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|Judge favors board in tax error lawsuit|
In a ruling filed in Fifth Judicial District Court on Feb. 29, Judge Glen Strong denied claims in a lawsuit against the Franklin Parish School Board.
Ouachita Parish resident Shirley T. McManus alleged that from June 30, 2005, through April 29, 2006, she was overcharged on purchases in Franklin Parish by a one-half cent sales tax that was being collected, though it had expired.
McManus sought compensatory damages in the class action suit.
In February 2006, the Franklin Parish School Board discovered that a one-half cent sales tax believed to expire in June 2006, had actually expired on June 30, 2005. The school board determined an error had been made in the wording of the tax, and that mistake had been continued documents pertaining to the tax.
In the Feb. 15, 2006, issue of The Franklin Sun, sales tax collector Joe Walters said that was no explanation for the mistake and there was no one to blame.
To correct the situation, after parish voters approved a five-year half-cent sales tax on April 29, 2006, the school board adopted a resolution to collect the tax for only four of the five years. This move was done to show "good faith" to the taxpayers.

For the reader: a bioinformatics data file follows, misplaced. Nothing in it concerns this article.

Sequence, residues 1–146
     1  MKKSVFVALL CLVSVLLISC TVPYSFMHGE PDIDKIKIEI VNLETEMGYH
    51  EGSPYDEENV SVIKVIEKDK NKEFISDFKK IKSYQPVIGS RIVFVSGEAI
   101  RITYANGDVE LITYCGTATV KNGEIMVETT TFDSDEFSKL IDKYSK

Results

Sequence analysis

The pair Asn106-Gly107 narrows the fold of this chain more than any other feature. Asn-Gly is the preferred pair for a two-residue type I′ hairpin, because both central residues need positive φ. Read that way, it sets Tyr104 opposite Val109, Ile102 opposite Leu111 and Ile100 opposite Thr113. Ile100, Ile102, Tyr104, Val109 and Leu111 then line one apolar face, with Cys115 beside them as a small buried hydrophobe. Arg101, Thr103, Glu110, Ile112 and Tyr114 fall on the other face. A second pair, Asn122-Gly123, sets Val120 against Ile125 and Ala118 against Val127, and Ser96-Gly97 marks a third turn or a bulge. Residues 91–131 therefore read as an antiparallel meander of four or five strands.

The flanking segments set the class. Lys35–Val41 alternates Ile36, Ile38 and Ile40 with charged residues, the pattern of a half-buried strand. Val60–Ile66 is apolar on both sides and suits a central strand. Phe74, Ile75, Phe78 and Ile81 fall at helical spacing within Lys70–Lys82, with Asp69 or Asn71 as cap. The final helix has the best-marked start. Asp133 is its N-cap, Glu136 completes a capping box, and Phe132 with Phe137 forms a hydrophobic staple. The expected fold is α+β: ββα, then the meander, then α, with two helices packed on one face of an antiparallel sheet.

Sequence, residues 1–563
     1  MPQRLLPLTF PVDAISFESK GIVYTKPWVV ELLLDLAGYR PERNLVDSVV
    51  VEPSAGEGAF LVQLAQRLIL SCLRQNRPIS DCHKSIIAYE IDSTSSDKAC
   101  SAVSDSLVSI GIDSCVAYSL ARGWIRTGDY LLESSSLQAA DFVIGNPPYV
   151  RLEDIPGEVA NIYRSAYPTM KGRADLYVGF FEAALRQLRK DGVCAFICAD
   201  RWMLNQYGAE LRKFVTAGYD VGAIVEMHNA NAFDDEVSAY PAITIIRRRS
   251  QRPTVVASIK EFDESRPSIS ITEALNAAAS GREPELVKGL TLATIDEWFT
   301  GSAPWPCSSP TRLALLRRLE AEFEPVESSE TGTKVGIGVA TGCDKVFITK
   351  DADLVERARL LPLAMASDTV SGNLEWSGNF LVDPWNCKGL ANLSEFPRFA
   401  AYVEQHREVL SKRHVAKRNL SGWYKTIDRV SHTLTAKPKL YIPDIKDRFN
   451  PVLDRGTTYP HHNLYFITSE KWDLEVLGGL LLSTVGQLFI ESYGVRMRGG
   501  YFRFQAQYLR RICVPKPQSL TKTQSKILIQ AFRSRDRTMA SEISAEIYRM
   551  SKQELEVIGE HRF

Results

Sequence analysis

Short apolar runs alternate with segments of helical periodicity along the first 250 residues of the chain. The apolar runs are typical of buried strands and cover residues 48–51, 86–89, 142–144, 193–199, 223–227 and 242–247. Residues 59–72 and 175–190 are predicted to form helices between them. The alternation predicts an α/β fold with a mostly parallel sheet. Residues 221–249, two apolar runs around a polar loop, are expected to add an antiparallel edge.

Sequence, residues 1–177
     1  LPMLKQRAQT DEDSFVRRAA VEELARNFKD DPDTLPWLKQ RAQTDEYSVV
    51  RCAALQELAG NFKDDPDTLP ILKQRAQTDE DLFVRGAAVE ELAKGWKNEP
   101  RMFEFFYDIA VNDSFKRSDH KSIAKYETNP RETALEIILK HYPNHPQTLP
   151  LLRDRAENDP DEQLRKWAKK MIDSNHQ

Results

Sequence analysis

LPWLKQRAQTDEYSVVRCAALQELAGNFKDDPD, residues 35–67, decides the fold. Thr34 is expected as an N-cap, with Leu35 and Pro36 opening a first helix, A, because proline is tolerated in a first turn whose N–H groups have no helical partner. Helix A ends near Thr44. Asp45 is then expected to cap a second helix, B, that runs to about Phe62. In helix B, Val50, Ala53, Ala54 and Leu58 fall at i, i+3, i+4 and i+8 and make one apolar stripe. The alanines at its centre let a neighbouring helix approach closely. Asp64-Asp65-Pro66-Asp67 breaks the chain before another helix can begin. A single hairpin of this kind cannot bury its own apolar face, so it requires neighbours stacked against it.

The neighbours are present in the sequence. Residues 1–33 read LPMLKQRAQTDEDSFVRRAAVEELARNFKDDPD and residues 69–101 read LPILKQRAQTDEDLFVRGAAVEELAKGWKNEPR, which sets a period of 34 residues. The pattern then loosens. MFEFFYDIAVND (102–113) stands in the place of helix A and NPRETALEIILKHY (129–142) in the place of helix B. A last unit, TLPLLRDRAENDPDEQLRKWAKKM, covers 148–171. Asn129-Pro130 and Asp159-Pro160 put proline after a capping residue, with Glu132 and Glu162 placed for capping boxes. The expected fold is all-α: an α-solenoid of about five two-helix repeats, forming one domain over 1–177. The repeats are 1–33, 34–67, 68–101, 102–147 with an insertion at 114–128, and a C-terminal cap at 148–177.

In the lawsuit, Jon Guice, attorney for the school board, cited rulings in similar cases.
Judge Strong denied the plaintiff's motion for summary judgment on the basis that she had not carried the burden of proving she is entitled to judgment as a matter of law.
In the "Written Reasons for Judgment," Strong cited a ruling in Dupre v. City of Opelousas, which concluded the error was "one that was readily detectible by reference to the ordinance of levying the taxes" and "every man is supposed to know the law."
Strong granted the motion for summary judgment filed by the board and all court costs were assessed to McManus.
"We're extremely happy about the ruling," said Supt. Lanny Johnson, "we can put the money we had in escrow back into our sales tax fund."